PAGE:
Effective Monday, July 19, 2021, the following NOH/OMG office locations will no longer provide on-site blood draws: Westlake, Lorain, Olmsted Falls and Dewhurst. Click here for the nearest lab service location.
You’re probably already familiar with the health dangers high blood pressure can pose. In addition to causing serious damage to your heart and arteries that could lead to a cardiac episode, high blood pressure can also increase your risks of stroke, kidney damage and a myriad of other health problems.
To take control of your high blood pressure, it’s important to understand what your readings really mean and how they affect your health long term. Let’s break it down.
Your blood pressure reading is actually a ratio of two pressure readings. The top number is your systolic reading, which measures the pressure in your arteries each time your heart beats. The bottom number is your diastolic reading, which measures the pressure in your arteries in between heartbeats.
A blood pressure reading that is considered “normal” has a systolic reading of less than 130 and a diastolic reading of less than 80. For example, your doctor would read this as “130 over 80.”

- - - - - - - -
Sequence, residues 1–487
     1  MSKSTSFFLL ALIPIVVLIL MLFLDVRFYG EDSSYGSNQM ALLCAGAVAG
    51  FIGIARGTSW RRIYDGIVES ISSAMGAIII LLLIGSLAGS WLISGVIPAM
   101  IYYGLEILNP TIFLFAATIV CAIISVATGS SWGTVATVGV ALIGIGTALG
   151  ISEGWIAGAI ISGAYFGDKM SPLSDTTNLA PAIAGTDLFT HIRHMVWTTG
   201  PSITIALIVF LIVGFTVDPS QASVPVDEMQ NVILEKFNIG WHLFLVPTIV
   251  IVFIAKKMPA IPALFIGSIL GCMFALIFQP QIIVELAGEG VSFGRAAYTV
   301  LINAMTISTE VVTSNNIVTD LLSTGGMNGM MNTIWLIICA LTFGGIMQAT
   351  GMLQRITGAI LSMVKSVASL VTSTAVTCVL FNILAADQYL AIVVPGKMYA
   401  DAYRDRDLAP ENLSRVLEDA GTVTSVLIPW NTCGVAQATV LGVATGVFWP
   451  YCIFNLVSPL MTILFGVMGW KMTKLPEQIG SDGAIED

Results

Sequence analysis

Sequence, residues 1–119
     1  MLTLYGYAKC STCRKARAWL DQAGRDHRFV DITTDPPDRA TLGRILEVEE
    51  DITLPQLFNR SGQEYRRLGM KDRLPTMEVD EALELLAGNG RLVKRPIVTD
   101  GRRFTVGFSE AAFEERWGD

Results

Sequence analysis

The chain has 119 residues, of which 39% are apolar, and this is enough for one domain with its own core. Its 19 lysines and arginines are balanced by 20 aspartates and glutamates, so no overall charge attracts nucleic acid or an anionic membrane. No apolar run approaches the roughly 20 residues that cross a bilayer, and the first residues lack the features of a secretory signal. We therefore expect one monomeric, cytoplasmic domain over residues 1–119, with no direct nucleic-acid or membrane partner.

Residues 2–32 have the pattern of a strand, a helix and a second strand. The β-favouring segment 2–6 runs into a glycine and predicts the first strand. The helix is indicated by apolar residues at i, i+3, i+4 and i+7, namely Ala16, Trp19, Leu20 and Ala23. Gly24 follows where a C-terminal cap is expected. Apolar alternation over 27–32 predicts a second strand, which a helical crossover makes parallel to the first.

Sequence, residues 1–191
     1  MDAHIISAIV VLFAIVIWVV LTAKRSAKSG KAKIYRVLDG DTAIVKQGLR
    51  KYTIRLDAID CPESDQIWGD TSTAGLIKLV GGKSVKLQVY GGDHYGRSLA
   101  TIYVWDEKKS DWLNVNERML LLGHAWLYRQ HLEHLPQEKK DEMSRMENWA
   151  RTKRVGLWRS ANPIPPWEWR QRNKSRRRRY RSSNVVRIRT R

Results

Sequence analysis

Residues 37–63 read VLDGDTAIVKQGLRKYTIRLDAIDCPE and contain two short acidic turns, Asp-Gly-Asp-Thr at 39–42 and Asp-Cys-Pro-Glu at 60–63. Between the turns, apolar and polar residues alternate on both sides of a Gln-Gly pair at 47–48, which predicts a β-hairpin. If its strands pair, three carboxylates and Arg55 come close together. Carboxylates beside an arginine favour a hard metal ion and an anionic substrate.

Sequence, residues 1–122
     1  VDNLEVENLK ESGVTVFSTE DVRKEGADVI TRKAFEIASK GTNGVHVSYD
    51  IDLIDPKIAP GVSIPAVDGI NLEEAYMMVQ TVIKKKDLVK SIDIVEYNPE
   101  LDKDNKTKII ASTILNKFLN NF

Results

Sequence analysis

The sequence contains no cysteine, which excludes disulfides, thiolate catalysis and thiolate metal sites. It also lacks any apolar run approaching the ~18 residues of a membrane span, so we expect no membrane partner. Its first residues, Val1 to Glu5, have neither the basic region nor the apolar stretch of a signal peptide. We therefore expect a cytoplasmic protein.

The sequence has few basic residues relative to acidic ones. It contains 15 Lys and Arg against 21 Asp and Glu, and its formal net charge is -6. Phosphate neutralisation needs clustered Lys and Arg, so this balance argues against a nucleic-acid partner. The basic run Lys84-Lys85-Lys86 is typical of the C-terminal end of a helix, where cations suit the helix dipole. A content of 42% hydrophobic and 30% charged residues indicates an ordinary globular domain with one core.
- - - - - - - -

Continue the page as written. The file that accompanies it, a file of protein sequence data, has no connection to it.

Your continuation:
Any reading higher than 130 over 80 could indicate a blood pressure problem, but a single high reading isn’t usually cause for alarm. Your blood pressure can be affected by stress or other unrelated factors, so your doctor will probably want to take several readings over time or ask you to monitor your blood pressure at home to see if there is a pattern of high readings. Check out this tutorial from the American Heart Association on how to monitor your blood pressure at home.
To give you an idea of the severity of readings, a blood pressure higher than 140 over 90 is considered Stage One and a reading higher than 160 over 100 is considered Stage Two. Anything higher than 180 over 110 is considered a hypertensive crisis and necessitates emergency care.
If you are diagnosed with high blood pressure, don’t panic. Since there aren’t any symptoms of high blood pressure, not knowing you have it is the biggest concern. Once you’re aware of your diagnosis, you can begin taking steps to treat the problem. Your most important treatment plan will involve making changes to your lifestyle, including cleaning up your diet and adding in regular physical activity. Depending on how high your blood pressure is, your doctor may also choose to prescribe a blood pressure medication to go along with your lifestyle changes.
Talk to your doctor. As long as you’re maintaining a routine check up schedule, you’ll be able to stay on top of any blood pressure related health concerns.
If you have more questions about high blood pressure, feel free to leave them in the comments below.
Interested in more ways to reduce your heart risk? Watch this video with Certified Nurse Practitioner Anna Broz for more information.